version 3.0.0.0 (144 KB) by
Darren Engwirda

A fast test to determine point inclusion for general polygonal geometries.

INPOLY computes the intersection between a set of points and a general polygonal region in the plane, returning the 'inside', 'outside' and 'boundary' status for each vertex. General non-convex and multiply-connected polygonal regions can be handled. INPOLY is intended as a fast replacement for MATLAB's default INPOLYGON routine.

See POLYDEMO to get started with a set of example problems:

polydemo(1); % a simple example

polydemo(2); % multiply-connected domains

polydemo(3); % speed comparison

INPOLY implements a sorted 'crossing-number' test designed to achieve fast performance for complex inputs. Given a configuration with N points and M polygon edges, INPOLY runs in approximately O((N+M)*LOG(N)) time on average, improving on the O(N*M) scaling of naive implementations.

Darren Engwirda (2020). INPOLY: A fast points-in-polygon test (https://github.com/dengwirda/inpoly), GitHub. Retrieved .

Created with
R2018b

Compatible with any release

**Inspired:**
FINDPOLY: A fast points-in-polygons test, The Barycentric Fixed-Mass method for estimating fractal dimensions, Maximum Inscribed Circle using Voronoi Diagram, Flow Cytometry GUI for Matlab, Maximum Inscribed Circle using Distance Transform, Fast Inpolygon in MEX

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Erfanul HuqdkRueben MendelsbergNice work, much faster than built in function.

If using polygons with multiple regions separated by [nan nan], make sure to the last entry of the input point list is also [nan nan] or it will join the first and last point in the list (which are different regions and should not be closed)

Gerald KoudijsDarren Engwirda@Yue: If you have a large number of polygons (and points) the findpoly library might be of use, it is often much faster than calling inpoly in a loop:

https://www.mathworks.com/matlabcentral/fileexchange/74806-findpoly-a-fast-points-in-polygons-test

If you have any questions please feel free to discuss via GitHub, email, etc.

Yue HuangThanks Darren. I'll spend some time doing a bit more testing. I have a few polygons but they're all separated. I've got it working by running it for each of the polygons instead of all polygons together (not sure if this is some limitation I've omitted).

Thanks again for this fantastic work!

Darren Engwirda@Yue: it's hard to comment on the behaviour you're describing without an actual example --- if you believe you've found an error please create an "issue" via GitHub. Please also note that inpoly() does not support self-intersecting inputs like MATLAB's inpolygon.

Yue HuangI've tried almost every toolbox that finds points inside polygon and I'd say this is amongst the fastest. My only problem is the results are not fully correct, some parts of the shape fail with the points' distribution all inverted. This hasn't happened when I tried the same data with MATLAB's built-in inpolygon() or another File Exchange function inpolygons(), both of which are much slower. I'm not sure if it's the fast algorithm that causes loopholes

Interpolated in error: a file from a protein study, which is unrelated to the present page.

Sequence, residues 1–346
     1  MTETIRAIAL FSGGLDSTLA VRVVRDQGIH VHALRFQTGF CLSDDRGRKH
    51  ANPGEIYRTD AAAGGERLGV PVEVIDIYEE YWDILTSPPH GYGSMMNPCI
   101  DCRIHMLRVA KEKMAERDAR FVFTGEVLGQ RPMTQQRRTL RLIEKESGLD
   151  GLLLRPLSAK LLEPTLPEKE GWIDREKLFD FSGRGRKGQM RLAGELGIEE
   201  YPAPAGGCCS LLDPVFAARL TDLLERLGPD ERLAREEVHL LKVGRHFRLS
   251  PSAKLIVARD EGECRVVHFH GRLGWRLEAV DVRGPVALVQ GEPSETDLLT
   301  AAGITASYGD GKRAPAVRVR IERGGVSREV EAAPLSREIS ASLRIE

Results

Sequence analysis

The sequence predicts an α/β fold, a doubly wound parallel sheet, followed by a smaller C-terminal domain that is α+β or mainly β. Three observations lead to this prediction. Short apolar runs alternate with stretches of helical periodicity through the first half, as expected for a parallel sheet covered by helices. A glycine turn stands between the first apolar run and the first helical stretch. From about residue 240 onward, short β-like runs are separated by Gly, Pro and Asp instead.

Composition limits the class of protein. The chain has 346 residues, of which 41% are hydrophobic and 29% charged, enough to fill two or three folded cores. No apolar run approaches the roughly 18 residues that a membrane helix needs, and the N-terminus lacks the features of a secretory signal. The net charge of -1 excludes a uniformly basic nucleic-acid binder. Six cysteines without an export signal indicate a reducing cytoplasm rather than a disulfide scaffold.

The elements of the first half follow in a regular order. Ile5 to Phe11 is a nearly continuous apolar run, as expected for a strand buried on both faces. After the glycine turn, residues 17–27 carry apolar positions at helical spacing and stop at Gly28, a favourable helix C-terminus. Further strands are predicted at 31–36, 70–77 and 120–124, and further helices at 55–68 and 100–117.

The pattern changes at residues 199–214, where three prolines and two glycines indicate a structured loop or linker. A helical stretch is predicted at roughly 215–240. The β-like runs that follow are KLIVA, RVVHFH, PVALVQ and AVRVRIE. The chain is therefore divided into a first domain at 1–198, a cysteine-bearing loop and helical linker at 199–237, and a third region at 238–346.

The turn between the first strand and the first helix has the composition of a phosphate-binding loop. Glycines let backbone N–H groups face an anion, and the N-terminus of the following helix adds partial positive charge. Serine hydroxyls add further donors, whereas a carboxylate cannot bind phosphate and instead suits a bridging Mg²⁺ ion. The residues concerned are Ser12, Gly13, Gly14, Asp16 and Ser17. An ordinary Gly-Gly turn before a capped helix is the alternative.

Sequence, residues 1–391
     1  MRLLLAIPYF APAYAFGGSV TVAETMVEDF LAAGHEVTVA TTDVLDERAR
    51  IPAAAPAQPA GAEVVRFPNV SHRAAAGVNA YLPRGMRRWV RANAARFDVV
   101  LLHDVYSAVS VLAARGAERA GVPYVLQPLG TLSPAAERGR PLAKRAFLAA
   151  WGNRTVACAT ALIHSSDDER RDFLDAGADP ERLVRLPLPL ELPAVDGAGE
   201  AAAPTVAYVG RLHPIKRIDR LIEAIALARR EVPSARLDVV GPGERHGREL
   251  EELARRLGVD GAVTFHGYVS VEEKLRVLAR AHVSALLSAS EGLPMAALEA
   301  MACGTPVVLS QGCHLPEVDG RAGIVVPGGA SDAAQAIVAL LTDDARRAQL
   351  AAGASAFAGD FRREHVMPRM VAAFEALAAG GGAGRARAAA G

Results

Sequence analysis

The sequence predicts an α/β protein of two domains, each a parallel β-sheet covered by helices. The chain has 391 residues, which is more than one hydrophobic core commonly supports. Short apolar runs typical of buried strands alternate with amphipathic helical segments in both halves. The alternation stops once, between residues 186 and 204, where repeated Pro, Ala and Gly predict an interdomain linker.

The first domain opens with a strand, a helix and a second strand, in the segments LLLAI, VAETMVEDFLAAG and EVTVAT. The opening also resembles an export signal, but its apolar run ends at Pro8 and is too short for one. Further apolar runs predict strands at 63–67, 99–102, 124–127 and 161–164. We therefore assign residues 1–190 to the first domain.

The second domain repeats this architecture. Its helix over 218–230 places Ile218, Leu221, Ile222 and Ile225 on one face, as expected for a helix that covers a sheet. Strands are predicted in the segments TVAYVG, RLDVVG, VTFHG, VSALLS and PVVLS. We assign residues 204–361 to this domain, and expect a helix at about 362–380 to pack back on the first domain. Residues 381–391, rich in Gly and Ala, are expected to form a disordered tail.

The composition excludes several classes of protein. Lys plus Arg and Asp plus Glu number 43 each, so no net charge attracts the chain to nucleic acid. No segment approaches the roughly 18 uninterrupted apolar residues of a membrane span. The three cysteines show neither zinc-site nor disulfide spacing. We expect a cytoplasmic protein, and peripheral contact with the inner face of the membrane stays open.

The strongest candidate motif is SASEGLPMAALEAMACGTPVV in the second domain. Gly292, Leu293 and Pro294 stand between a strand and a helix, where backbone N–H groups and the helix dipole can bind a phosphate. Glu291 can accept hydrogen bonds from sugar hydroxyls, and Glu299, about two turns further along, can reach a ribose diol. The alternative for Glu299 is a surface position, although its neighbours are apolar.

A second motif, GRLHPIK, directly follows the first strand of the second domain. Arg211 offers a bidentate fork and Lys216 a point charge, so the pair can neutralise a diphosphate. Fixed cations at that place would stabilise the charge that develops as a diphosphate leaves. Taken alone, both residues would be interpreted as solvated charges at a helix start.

Arthur de JongWorks great! Had to detect >300K points in a polygon. With isinterior, Matlab consumed all available RAM and took forever. With inpoly, it runs in <1 sec. Thanks!

Eugenio GrabovicWondering if a gpu version would be achiveable for this kind of alghorithm.

chung-cheng leeExcellent function, thank you.

ha haPlease show me: How to use you INPOLY funnction? I try to follow your guide in https://github.com/dengwirda/inpoly. But i still can't know how to use it. Thanks

Steven KoxChad GreeneGreat function! I find it performs the test in about 10% of the time compared to inpolygon, and in all of my tests, inpoly2 and inpolygon give exactly the same results.

I typically use inpolygon to get logical masks of 2D data, so for usability I wrote this wrapper function, which lets me use the same input syntax as inpolygon:

function in = inpoly3(x,y,xv,yv,varargin)

in = reshape(inpoly2([x(:) y(:)],[xv yv],varargin{:}),size(x));

Kotya KarapetyanFaez AlkadiHi Darren,

What if I want to find points detect pints with in tolerance of (0.25) from the Edge?

How can I do that?

Thank you.

Lars Corbijn van WillenswaardDoes not correctly work with points on the boundary. For example

[in, on] = inpoly([1,1], [0,0; 0,1; 1,1; 1,0]) => in = 0, on = 0

[in, on] = inpoly([0,0], [0,0; 0,1; 1,1; 1,0]) => in = 1, on = 0

[in, on] = inpoly([0,0.5], [0,0; 0,1; 1,1; 1,0]) => in = 1, on = 0

[in, on] = inpoly([1,0.5], [0,0; 0,1; 1,1; 1,0]) => in = 0, on = 0

Behaviour of points on the boundary in the mulitpoint version depends on the the point before it:

[in, on] = inpoly([0.5, 0.5; 1,1], [0,0; 0,1; 1,1; 1,0]) -> in = [1,1], on = [0,1]

[in, on] = inpoly([1.5, 1; 1,1], [0,0; 0,1; 1,1; 1,0]) -> in = [0,0], on = [0,0]

[in, on] = inpoly([1.5, 0.5; 1,1], [0,0; 0,1; 1,1; 1,0]) -> in = [0,1], on = [0,1]

Lars Corbijn van WillenswaardNibodh BoddupallilowrieFabientic

[in,on] = inpolygon(xq, yq, M0(:,1), M0(:,2));

toc

"Elapsed time is 143.513056 seconds."

tic

[cn,on] = inpoly(horzcat(xq, yq),M0);

toc

"Elapsed time is 0.577500 seconds."

Many thanks \o/ \o/

John MorganHad some issues with detecting points on the polygon. Fixed by changing line 184 from

on(j) = on(j) || (abs((y2-Y)*(x1-X)-(y1-Y)*(x2-X))<tol);

to

on(j) = on(j) || (abs((y2-Y)*(x1-X)-(y1-Y)*(x2-X))<TOL);

As far as I can tell, in some cases tol was being set to zero rather than a sufficiently small number.

Daeyong KimAjayVery dependable code, thanks.

Any recommendations for a 3-D point-in-polygon test, including non-convex cases?

LucaHi,

running the following code, with N = 1000000, never gives inpoly faster than inpolygon.For "small" N (N=100-1000), they alternate.

However, when running the examples provided in polydemo.m, inpoly is consistently faster than inpolygon.